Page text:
Last week, we had the opportunity to preview Netflix’s latest gorefest Texas Chainsaw Massacre (2022) as well as take part in an interview session with writer Fede Álvarez, director David Blue Garcia and actors Elsie Fisher, Sarah Yarkin and Nell Hudson. Here is our review with some quotes from the interview:
Tobe Hooper’s 1974 classic The Texas Chainsaw Massacre is a rite of passage into the world of horror films. Made on a shoestring budget by an, at that time, unknown filmmaker, the original TCM is among the most terrifying films to ever grace the big screen. From John Larroquette’s iconic intro narration to the moment when Sally Hardesty escapes in the bed of a pickup truck, the original film is an exercise in fear and tension. To quote Chainsaw and Dave from Summer School, “it had passion and a plucky spirit”.
Twelve years after the release of the original TCM, the sequels, reboots and re-imaginings began and they have since continued at a rate of about two per decade; for the most part, the only commonality between all of them is the hulking, childlike killer in the flesh-mask carving up hapless teenagers – Leatherface.
Now in 2022, the next addition to the franchise is ready to take its place in the TCM timeline. The newest entry was written by Evil Dead and Don’t Breathe alums Fede Álvarez and Rodo Sayagues with screenplay by Chris Thomas Devlin and was directed by David Blue Garcia.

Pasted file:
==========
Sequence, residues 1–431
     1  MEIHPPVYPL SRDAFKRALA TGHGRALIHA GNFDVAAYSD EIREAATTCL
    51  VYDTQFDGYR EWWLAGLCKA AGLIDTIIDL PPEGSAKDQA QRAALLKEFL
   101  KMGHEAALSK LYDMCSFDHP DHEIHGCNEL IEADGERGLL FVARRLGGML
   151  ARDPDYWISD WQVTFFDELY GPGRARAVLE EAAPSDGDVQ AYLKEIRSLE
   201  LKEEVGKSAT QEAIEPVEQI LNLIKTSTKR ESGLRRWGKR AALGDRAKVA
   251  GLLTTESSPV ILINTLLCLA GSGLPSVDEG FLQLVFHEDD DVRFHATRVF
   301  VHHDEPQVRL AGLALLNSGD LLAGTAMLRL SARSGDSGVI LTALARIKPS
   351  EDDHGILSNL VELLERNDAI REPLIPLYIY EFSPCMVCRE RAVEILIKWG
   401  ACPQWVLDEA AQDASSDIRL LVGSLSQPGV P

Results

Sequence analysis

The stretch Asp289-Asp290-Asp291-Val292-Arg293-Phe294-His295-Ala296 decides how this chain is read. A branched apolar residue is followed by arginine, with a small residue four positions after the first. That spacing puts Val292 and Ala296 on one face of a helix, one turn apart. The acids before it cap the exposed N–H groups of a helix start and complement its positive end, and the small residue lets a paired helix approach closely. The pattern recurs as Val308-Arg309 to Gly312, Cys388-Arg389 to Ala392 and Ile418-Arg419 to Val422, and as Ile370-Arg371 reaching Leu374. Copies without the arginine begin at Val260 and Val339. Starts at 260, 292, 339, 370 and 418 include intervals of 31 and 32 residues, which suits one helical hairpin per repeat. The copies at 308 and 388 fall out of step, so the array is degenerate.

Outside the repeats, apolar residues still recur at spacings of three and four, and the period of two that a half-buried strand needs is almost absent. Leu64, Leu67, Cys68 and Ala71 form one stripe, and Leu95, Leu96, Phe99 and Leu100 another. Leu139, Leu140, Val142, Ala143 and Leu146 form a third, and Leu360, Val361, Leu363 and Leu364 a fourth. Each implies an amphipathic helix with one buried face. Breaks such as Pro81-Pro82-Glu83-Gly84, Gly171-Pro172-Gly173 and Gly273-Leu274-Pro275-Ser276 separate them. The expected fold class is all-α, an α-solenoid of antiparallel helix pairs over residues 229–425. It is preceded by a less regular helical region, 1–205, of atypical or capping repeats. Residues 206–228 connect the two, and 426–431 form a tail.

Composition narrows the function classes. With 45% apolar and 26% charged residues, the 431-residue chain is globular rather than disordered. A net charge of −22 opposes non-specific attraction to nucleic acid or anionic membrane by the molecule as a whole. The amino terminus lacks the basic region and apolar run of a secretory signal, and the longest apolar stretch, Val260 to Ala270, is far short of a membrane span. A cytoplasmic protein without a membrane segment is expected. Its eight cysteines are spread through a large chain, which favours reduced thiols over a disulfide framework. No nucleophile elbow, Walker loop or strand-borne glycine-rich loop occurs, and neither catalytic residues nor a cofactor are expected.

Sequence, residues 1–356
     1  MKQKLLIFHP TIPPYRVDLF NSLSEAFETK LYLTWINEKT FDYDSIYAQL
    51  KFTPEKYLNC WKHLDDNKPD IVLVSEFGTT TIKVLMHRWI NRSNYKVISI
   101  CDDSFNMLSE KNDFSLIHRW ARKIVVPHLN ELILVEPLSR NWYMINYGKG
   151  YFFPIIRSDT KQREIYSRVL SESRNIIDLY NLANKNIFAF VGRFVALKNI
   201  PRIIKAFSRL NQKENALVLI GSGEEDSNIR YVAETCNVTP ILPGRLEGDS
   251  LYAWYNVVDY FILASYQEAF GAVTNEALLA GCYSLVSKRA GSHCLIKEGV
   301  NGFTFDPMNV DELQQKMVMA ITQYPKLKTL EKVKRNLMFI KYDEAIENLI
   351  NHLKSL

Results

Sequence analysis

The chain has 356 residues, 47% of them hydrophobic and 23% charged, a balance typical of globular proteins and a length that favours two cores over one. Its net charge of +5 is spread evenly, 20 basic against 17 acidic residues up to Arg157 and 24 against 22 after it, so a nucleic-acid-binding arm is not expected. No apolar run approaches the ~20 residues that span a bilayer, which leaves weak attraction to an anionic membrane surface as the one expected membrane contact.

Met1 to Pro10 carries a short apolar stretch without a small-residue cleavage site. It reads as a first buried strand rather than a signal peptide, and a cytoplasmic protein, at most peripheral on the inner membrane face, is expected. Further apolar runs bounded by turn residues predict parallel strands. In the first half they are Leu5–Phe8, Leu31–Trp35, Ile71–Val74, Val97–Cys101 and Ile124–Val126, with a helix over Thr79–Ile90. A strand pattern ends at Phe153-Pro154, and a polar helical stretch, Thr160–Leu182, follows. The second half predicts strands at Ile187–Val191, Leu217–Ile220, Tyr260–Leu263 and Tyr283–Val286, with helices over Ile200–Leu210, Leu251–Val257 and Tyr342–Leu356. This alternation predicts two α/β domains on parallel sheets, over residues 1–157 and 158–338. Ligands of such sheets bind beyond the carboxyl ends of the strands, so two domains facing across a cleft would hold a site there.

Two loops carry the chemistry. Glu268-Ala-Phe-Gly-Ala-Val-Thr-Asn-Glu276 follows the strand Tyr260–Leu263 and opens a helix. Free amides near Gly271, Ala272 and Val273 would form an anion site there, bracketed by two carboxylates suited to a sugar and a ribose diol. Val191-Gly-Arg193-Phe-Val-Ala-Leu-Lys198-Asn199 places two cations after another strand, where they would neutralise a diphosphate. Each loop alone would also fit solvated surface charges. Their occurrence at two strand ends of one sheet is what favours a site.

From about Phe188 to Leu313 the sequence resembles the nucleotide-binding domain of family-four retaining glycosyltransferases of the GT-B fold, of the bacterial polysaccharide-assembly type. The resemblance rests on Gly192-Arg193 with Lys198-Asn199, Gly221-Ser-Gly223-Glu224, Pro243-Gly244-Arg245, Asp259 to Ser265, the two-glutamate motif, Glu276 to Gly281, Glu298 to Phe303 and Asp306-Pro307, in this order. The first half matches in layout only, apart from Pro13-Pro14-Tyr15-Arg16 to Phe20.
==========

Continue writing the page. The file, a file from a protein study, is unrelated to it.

Garcia, when we asked, talked about how shocked and excited he was to get the opportunity to direct this return to the franchise, “I first saw [the original] as a teenager”, he said, “and I knew that I had a lot to live up to when taking this on.” He went on to discuss the impact the original had not only on him, but to directors like Stanley Kubrick and others.
The new installment follows Lila (Fisher), her big sister Melody (Yarkin), and their friends, Dante (Jacob Latimore) and Ruth (Hudson), to the mostly abandoned town of Harlow, Texas. Melody and Dante are social media influencers who are out to make the world a more peaceful place. “Peaceful” also means that they’re staunchly anti-gun which doesn’t really play well in the outskirts of Texas, but I digress.
What they’ve done is purchased the deeds to all (or most) of the abandoned property in the town square to sell it off to their fans so they can all start a new peaceful community together with little outside interference from the “bad” people in the world. Like the character Richter points out to them in the movie: “sounds like a cult”.
In the interview, Fede Álvarez pointed out that, “the culture clash between city people and country folks has always been central to these films”, and that is certainly clear in this film as this group of “social media influencers” more or less invades this rural town.
When they arrive in the town, Dante spots a confederate flag hanging from one of the buildings and he wants it removed before his future investors show up – because they’re all coming together on a party bus. As he enters the building, which was a former orphanage, he’s greeted by an old woman who tells them that the building is still hers as she paid the bank off and Dante argues and calls the cops to have her removed and her old heart just can’t take the strain.